5. Once across another fracas ensued after some of the French fell back to a church, from where they hurled rocks at the English, until they were by-passed. This maybe the Chapel of Fauborg St Michael, on the edge of the medieval town and not far from the Pont des Fees bridge. The mounted English knights then moved towards the town,to engage the Scots troops, who were by now alerted and prepared. Where this took place we seem to have a fairly reliable location. It’s likely to be on land uphill from the river crossing, between Bauge town and the village of Viliers Bauge (to the south west), along the crest of a slope. This ridge may have masked the size of the Scots contingent from Clarence as he rode up from the river towards the shallow plateau to attack. Today there is a monument to the battle in this area and the local vicinity is called ‘La  Bataille’. There are also references to fighting near a church and a graveyard – presumably of Viliers-Bauge.

The monument on the battlefield site

6. In the ensuing melees, in which the English appear to have fought from horseback, the duke of Clarence was killed, along with a number of other English noblemen, with others being captured. It was most likely weight of numbers, along with Clarence’s death, which tipped the day for the Franco-Scots. The earl of Salisbury’s troops – the army’s archers – appear to have got close to the battlefield but not close enough to take part on the day. Instead on the following day they collected Clarence’s body and buried the English dead, then fell back to Le Mans. Clarence's remains were buried in Canterbury Cathedral, under a magnificent alabaster effigy made in 1439.

Thomas Lancaster duke of Clarence. Canterbury Cathedral

If anyone has any additional views or information, they'd be most welcome.
In the next posting, I'll consider how I can include most of these key elements and apply them to a tabletop demo game.
Toodle pip.



Peter Douglas said...

I’ll be following this project eagerly! I’ve always been interested in the Scottish army in France, especially as it featured a prominent Douglas!

Independentwargamesgroup said...

Never heard of this battle and Im very impressed by your research already. Look forward to more, well done.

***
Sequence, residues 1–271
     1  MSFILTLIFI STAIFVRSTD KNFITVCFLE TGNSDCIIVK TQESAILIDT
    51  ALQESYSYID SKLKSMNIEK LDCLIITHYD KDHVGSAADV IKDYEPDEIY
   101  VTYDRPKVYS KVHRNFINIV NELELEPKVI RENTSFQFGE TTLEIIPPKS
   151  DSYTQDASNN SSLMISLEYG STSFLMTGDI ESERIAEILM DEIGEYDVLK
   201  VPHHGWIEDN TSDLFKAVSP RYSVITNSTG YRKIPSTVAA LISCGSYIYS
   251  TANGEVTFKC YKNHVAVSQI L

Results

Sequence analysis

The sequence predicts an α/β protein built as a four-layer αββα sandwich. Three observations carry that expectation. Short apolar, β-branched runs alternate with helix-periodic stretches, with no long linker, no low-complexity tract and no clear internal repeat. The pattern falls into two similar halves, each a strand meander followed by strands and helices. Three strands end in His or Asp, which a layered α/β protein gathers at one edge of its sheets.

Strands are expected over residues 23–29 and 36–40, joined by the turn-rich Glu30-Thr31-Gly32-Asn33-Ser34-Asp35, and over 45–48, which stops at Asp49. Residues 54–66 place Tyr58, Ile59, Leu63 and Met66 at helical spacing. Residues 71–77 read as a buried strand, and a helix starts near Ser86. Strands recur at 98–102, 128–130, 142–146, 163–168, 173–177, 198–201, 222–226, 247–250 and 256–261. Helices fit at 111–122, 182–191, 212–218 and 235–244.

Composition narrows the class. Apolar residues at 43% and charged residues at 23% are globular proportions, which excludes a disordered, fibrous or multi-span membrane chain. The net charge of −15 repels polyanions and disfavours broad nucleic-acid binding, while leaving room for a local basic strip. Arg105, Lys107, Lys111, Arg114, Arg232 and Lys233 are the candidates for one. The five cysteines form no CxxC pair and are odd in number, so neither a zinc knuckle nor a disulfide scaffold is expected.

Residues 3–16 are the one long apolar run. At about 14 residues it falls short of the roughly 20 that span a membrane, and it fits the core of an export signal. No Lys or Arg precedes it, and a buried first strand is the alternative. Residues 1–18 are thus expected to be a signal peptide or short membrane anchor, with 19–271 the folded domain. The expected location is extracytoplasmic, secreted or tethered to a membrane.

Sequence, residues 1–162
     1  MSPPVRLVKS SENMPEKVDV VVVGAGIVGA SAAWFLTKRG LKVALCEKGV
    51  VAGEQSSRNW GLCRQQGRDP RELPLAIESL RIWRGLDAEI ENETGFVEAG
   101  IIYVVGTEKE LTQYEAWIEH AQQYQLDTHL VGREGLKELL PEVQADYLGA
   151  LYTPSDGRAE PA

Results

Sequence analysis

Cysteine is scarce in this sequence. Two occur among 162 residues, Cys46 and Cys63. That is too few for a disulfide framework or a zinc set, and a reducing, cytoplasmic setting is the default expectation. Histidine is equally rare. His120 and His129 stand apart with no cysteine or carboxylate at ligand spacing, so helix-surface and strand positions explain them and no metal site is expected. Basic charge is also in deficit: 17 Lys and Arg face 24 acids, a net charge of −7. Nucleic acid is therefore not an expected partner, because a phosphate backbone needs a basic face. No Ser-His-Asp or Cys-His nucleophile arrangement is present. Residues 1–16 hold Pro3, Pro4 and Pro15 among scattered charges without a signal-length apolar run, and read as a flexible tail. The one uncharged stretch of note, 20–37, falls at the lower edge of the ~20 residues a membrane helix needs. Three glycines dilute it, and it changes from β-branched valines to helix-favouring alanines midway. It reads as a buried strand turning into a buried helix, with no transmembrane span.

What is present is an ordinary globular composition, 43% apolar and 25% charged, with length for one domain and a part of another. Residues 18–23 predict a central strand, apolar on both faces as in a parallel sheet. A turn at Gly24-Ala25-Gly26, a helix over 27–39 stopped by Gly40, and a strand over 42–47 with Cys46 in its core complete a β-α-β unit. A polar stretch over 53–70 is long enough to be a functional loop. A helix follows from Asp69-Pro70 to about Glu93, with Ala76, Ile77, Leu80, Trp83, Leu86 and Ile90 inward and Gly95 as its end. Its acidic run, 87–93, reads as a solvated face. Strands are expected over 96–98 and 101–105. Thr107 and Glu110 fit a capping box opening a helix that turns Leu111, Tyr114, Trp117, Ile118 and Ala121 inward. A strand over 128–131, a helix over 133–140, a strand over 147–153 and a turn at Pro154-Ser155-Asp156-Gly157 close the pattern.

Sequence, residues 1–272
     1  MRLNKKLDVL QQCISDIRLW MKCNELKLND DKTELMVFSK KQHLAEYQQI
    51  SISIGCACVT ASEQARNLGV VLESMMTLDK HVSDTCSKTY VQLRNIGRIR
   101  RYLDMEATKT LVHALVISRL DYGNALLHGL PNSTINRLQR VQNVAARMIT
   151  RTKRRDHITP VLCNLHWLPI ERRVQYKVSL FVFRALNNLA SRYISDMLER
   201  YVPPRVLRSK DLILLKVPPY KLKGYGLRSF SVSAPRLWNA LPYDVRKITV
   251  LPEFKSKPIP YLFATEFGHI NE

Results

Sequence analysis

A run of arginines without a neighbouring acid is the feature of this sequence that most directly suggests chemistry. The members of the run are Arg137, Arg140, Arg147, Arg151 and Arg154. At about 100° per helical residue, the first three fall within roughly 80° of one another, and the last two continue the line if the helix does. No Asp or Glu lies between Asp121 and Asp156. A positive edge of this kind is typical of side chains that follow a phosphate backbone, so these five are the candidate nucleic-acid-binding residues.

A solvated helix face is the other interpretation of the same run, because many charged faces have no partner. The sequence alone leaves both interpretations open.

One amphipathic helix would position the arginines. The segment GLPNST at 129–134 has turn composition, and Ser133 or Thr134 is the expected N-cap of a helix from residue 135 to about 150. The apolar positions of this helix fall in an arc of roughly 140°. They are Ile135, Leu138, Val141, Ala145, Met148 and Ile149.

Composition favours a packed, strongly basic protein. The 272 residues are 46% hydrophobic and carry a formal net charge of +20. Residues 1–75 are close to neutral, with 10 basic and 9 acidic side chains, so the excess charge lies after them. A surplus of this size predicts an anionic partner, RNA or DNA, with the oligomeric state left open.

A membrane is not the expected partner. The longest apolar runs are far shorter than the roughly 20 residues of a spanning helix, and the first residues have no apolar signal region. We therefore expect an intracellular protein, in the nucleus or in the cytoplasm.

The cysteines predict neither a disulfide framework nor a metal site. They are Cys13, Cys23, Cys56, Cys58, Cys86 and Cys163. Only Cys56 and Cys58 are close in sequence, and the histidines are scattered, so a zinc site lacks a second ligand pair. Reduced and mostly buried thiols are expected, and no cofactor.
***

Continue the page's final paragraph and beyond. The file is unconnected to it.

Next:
Bluewillow said...

Matt Williamson Hi Simon,

I am building for the battle myself and plan to revisit the battlefield in two weeks (went through yesterday afternoon, but had a customer on a Napoleonic/Vendee guided tour day so had no time to stop ). I have started the French/Scot roll of arms, I plan to do the English in a couple of weeks. Then my painting will commence so we can add the battle as a option it as one of our "walk the battlefield, in the morning and then wargame it in the afternoon" tours.
a few points

The departure village for the English was Beaufort-en-Vallée

I have linked some maps of the battlefield from the 1836 cadastral Napoleon that you will find useful, particulary road and bridge crossing of the Le Couasnon, which had mills and mill ponds along its length leading in Vieil-Baugé and Baugé.

This map has the battle site, the three mills and the bridge crossing past the church at Le Vieil-Baugé, the battle site is north of the village, some of the ground can still be walked.

I will share my coat of arms research so far with you. I do plan to get to salute this year and catch up. Lots of painting to do!


Painterman said...

The 1836 map is wonderful; I had no idea they existed and its easier to see the course of the river and the 'Bataille' area. Do you have any views on where the river crossing was most likely to have occurred?
Thanks for sharing this, Simon.

Bluewillow said...

I am translating a French document at the moment, I will draw up my suspected option for you and take some then and now shots for you


caveadsum1471 said...

Really interesting post,a battle that passed me by, I'm looking forward to seeing your game at Salute!
Best Iain

Hendrid said...

I'll follow this project with interest too. An off the beaten track which deserves much more attention. A good source for info and a good read, if you don't already know is the book 'An Antidote for the English'.